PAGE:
Leonardo of Pisa (c. 1170 - c. 1250), also known as Leonardo Pisano, Leonardo Bonacci, Leonardo Fibonacci, or, most commonly, simply Fibonacci, was an Italianmathematician, considered by some "the most talented mathematician of the Middle Ages".
Fibonacci is best known to the modern world for:
The spreading of the Hindu-Arabic numeral system in Europe, primarily through the publication in the early 13th century of his Book of Calculation, the Liber Abaci.
A number sequence named after him known as the Fibonacci numbers, which he did not discover but used as an example in the Liber Abaci.
Leonardo was born in Pisa, Italy in about 1170. His father Guglielmo was nicknamed Bonaccio ("good natured" or "simple"). Leonardo's mother, Alessandra, died when he was nine years old. Leonardo was posthumously given the nickname Fibonacci (derived from filius Bonacci, meaning son of Bonaccio).
Guglielmo directed a trading post (by some accounts he was the consultant for Pisa) in Bugia, a port east of Algiers in the Almohad dynasty's sultanate in North Africa (now Bejaia, Algeria). As a young boy, Leonardo traveled there to help him. This is where he learned about the Hindu-Arabic numeral system.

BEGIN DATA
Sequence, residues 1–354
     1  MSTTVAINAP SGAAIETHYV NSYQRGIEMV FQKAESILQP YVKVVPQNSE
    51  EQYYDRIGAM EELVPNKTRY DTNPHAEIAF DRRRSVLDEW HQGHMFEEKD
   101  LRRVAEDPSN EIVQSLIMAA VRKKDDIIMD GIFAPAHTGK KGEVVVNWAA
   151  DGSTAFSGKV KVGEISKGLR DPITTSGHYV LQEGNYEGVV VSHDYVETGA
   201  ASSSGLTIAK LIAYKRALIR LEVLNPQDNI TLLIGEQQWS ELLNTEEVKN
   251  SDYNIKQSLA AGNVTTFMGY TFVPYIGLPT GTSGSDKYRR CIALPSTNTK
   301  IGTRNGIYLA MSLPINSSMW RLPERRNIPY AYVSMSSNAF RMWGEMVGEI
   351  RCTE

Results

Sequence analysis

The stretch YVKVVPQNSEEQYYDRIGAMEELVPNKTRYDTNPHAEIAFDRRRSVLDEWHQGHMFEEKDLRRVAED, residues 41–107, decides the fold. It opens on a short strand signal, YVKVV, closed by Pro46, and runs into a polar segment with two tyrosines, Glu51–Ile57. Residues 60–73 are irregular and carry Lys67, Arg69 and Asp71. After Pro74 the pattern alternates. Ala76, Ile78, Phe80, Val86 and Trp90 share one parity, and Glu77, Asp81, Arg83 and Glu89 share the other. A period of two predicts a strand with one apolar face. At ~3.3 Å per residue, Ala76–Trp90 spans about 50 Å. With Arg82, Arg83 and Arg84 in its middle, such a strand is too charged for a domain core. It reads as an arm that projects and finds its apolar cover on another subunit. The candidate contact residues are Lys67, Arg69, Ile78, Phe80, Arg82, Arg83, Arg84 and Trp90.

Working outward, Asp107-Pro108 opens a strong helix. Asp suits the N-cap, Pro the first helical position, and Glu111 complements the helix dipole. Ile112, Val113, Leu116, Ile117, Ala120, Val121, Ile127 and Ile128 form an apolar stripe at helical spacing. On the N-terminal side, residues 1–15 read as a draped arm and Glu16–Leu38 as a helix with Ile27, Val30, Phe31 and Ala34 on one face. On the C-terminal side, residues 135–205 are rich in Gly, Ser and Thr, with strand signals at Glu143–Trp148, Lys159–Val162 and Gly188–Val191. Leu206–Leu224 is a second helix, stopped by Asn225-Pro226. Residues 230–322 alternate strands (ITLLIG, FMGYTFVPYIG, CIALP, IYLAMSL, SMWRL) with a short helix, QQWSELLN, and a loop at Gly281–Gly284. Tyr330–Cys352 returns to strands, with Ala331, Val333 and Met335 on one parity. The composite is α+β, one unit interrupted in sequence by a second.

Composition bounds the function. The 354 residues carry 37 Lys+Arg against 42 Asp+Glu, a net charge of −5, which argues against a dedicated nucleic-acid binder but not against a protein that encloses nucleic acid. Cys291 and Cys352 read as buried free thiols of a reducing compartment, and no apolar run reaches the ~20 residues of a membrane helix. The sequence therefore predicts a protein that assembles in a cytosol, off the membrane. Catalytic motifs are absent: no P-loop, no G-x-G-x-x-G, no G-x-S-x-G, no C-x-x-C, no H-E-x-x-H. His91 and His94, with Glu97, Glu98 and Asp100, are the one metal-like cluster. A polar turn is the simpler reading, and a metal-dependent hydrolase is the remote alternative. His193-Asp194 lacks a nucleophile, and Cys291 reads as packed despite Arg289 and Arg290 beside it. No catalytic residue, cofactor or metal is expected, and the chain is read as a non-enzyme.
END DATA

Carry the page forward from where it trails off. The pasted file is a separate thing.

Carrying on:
Recognizing that arithmetic with Hindu-Arabic numerals is simpler and more efficient than with Roman numerals, Fibonacci traveled throughout the Mediterranean world to study under the leading Arab mathematicians of the time. Leonardo returned from his travels around 1200. In 1202, at age 32, he published what he had learned in Liber Abaci (Book of Abacus or Book of Calculation), and thereby introduced Hindu-Arabic numerals to Europe.
Leonardo became an amicable guest of the Emperor Frederick II, who enjoyed mathematics and science. In 1240 the Republic of Pisa honored Leonardo, referred to as Leonardo Bigollo,[ by granting him a salary.
In the 19th century, a statue of Fibonacci was constructed and erected in Pisa. Today it is located in the western gallery of the Camposanto, historical cemetery on the Piazza dei Miracol
In the Fibonacci sequence of numbers, each number is the sum of the previous two numbers, starting with 0 and 1. Thus the sequence begins 0, 1, 1, 2, 3, 5, 8, 13, 21, 34, 55, 89, 144, 233, 377, 610 etc.
The higher up in the sequence, the closer two consecutive "Fibonacci numbers" of the sequence divided by each other will approach the golden ratio (approximately 1 : 1.618 or 0.618 : 1).
The golden ratio was used widely in the Renaissance in paintings.